Submitted: October 14, 2019
from United States District Court for the Southern District
of Iowa - Davenport.
LOKEN, SHEPHERD, and STRAS, Circuit Judges.
Devon Lillybridge pleaded guilty to a felon-in-possession
charge, served his forty five month prison sentence, and
began a three year term of supervised release in November
2017. On May 10, 2018, police officer Kory Griffin responded
to a 911 domestic disturbance call at the apartment of S.F.
in Davenport, Iowa. Based on what S.F. reported to Officer
Griffin, Lillybridge was charged in state court with domestic
abuse simple assault, and the Probation Office moved to
revoke supervised release based on the May 10 incident. The
state assault charges were dismissed in September 2018. A
revocation hearing was held on November 27. The primary
witnesses were Officer Griffin for the government and S.F.
for the defense. After hearing the testimony and argument,
the district court found that S.F.'s hearing testimony
was not credible, revoked Lillybridge's supervised
release, and sentenced him to eight months imprisonment
followed by fifteen months supervised release. Lillybridge
appeals the finding of a supervised release violation and
further argues the revocation sentence is substantively
unreasonable. We affirm.
hearing, Officer Griffin testified that he met with S.F. in
responding to the domestic disturbance call. S.F. said she
was assaulted by Lillybridge, her boyfriend, during an
argument at her apartment some six weeks after their child
was born. The apartment was in disarray. S.F. said
Lillybridge threw her on the bed, put his hands on her neck,
and hit her twice in the head with a closed fist. Lillybridge
also broke her son's cell phone, punched a hole in the
ceiling with the TV, and took her car keys and her work and
personal cell phones when he left. Griffin noted scratches on
S.F.'s arm. S.F. said she did not want Lillybridge to go
to jail but expressed great concern that her cell phones be
returned or her job would be in jeopardy. Griffin contacted
Lillybridge, who denied taking the phones. The next day, S.F.
called the police station to report Lillybridge had returned
the phones. Griffin acknowledged that Lillybridge was charged
with simple domestic assault, a misdemeanor, because S.F. was
not injured. The government introduced twelve photos of the
scene: the son's broken cell phone, a broken picture
frame, the hole in the ceiling, the TV that caused the hole
with ceiling dust on one corner, disarray in the bedroom
including an overturned wax heater, two photos of the
scratches on S.F.'s arm, and a broken child's toy
found in the dumpster.
testified that she called 911 on May 10 and met with Griffin
after her argument with Lillybridge. S.F. acknowledged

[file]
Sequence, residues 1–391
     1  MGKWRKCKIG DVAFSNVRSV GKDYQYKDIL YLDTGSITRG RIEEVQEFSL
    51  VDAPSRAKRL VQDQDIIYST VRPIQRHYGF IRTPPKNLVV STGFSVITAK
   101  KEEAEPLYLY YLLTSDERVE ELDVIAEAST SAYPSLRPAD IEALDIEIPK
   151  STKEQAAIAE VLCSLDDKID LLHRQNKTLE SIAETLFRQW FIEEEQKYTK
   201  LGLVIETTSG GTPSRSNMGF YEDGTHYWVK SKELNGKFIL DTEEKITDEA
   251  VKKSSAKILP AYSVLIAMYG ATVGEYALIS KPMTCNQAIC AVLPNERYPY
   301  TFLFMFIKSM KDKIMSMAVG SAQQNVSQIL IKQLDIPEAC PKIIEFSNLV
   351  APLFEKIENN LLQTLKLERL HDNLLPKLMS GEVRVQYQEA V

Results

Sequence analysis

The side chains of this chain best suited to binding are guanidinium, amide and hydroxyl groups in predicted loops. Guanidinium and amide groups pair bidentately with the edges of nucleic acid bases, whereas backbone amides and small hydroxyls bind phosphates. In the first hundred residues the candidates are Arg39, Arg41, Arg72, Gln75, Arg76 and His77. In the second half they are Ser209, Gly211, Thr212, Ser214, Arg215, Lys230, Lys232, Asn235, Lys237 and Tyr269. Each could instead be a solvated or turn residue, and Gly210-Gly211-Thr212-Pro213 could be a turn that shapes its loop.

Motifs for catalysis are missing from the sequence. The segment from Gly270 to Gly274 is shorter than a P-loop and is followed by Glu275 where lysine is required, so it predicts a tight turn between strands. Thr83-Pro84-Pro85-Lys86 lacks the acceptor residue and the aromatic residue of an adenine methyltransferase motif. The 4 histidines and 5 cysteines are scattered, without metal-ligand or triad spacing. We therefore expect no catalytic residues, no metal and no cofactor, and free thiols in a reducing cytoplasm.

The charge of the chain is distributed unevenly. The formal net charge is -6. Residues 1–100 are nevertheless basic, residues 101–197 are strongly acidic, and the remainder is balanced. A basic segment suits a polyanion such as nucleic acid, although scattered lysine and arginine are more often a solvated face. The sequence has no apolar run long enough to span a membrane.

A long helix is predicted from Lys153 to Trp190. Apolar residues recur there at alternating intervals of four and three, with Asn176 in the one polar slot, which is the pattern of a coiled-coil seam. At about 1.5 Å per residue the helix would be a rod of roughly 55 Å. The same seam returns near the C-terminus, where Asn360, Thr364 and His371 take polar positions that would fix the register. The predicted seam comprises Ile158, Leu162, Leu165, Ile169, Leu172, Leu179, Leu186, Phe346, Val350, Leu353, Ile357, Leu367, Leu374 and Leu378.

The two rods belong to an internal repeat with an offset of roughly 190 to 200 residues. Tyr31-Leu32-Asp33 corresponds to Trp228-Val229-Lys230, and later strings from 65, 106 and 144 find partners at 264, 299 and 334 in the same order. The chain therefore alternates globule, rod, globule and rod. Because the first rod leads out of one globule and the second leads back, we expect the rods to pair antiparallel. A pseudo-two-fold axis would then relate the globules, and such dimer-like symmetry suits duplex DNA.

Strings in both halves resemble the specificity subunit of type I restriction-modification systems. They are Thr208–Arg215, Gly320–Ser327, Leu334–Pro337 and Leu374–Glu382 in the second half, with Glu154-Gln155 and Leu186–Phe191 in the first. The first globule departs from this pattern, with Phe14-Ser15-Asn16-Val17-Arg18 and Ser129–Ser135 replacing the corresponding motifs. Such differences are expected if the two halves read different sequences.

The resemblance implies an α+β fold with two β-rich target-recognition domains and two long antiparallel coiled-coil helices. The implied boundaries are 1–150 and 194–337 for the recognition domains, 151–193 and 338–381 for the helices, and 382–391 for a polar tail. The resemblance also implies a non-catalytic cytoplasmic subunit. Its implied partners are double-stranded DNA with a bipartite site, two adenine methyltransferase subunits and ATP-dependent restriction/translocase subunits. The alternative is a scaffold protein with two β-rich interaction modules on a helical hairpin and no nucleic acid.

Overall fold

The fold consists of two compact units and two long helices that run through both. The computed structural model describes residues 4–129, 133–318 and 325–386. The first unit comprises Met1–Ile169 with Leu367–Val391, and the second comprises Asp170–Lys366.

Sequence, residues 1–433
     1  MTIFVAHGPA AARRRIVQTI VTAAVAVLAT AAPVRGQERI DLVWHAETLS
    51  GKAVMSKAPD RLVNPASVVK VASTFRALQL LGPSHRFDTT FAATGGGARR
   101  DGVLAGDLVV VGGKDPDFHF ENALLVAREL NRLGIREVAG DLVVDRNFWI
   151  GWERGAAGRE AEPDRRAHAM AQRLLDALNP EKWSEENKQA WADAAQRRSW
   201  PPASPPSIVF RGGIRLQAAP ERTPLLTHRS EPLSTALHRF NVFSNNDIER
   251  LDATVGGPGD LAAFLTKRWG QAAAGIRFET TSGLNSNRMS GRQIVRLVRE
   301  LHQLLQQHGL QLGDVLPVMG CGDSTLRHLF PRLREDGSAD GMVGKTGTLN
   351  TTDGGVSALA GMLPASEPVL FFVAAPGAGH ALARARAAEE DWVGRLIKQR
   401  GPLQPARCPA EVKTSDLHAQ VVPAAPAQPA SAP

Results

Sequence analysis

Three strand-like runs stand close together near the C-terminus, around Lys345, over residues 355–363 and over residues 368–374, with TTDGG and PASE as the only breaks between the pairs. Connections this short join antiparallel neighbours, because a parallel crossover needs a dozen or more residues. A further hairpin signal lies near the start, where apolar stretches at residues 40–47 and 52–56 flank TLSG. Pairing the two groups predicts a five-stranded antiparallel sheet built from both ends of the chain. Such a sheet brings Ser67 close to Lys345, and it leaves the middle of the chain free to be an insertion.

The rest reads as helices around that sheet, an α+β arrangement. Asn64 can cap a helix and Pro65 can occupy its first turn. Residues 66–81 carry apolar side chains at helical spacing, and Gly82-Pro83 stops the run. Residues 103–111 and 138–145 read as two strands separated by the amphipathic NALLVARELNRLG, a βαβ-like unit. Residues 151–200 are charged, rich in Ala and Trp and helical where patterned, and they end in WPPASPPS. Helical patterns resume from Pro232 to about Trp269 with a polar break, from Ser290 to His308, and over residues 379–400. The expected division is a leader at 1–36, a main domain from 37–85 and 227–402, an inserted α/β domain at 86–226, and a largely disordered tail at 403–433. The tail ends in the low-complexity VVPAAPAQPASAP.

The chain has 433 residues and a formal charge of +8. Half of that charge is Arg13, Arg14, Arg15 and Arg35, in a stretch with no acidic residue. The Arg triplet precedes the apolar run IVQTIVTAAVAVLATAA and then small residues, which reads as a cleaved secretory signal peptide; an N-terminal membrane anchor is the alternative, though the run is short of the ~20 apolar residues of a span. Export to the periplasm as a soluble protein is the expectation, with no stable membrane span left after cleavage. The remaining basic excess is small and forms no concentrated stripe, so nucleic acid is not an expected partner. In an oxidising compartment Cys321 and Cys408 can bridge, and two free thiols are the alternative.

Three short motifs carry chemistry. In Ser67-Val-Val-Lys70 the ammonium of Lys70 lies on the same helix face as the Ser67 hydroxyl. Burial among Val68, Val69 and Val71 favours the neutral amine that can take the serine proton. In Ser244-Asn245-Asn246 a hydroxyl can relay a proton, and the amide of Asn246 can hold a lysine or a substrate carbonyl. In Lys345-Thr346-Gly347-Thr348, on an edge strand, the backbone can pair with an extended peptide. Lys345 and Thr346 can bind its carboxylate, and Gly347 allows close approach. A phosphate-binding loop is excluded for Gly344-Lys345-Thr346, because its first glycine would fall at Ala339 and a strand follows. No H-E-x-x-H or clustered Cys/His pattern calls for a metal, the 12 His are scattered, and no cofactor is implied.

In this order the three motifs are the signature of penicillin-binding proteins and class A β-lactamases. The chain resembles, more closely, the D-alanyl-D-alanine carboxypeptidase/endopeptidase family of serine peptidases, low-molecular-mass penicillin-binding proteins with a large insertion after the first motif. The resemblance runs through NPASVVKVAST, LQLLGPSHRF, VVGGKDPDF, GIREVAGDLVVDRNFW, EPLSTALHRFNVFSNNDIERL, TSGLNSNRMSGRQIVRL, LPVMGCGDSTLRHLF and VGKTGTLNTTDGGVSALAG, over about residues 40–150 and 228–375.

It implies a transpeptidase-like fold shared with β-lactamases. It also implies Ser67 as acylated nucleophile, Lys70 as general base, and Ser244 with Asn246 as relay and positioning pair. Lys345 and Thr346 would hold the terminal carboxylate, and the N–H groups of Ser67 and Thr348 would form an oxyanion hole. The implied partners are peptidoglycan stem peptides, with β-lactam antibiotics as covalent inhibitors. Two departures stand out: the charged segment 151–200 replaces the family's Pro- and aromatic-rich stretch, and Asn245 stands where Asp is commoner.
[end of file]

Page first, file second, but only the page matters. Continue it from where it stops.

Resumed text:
accusing Lillybridge of the violent conduct to which Griffin
had testified, but testified that the accusations were false
"to make him hurt as much as I was hurting at that
moment." S.F. testified that Lillybridge did not choke
or punch her, and that she suffered the scratches on her arm
at work. The damage to her son's phone was caused when
she knocked it out of his hand throwing Lillybridge's
heavy tote into the hallway along with his other belongings.
S.F. said she broke the picture frame and caused the hole in
the ceiling when she lifted the TV. Lillybridge left with her
phone to call for a ride, not to prevent her from calling the
police as she told Griffin, and she found her missing car
keys in the yard. Lillybridge brought her phones back when he
returned that evening for his belongings.
hearing arguments of counsel, the district court stated that
it must review "two different versions of events . . .
and so I look at the kind of corroborating details that
support each of those stories and I look at the
defendant's history and characteristics and I look at
other things to help me figure out what happened." In
finding that S.F. was not credible, the court noted:
-The photo of the son's phone showed damage that
"doesn't happen when you drop a cell phone."
-It was not credible that S.F. caused the hole in the
- It did not make sense that Lillybridge would throw
S.F.'s car keys in the yard and take her two cell phones
if there was no assault.
- Victims often retract in domestic abuse situations.
- Lillybridge's PSR stated that he assaulted another
woman who kicked him out of her house.
on the finding that S.F. was not credible in recanting the
accusations she made to Griffin, and that Griffin credibly
testified to conduct by Lillybridge warranting revocation,
the district court revoked supervised release. The advisory
guidelines range for this Grade C new law violation was six
to twelve months imprisonment. Weighing Lillybridge's
extensive history of violent offenses and repeated failure to
do well on ...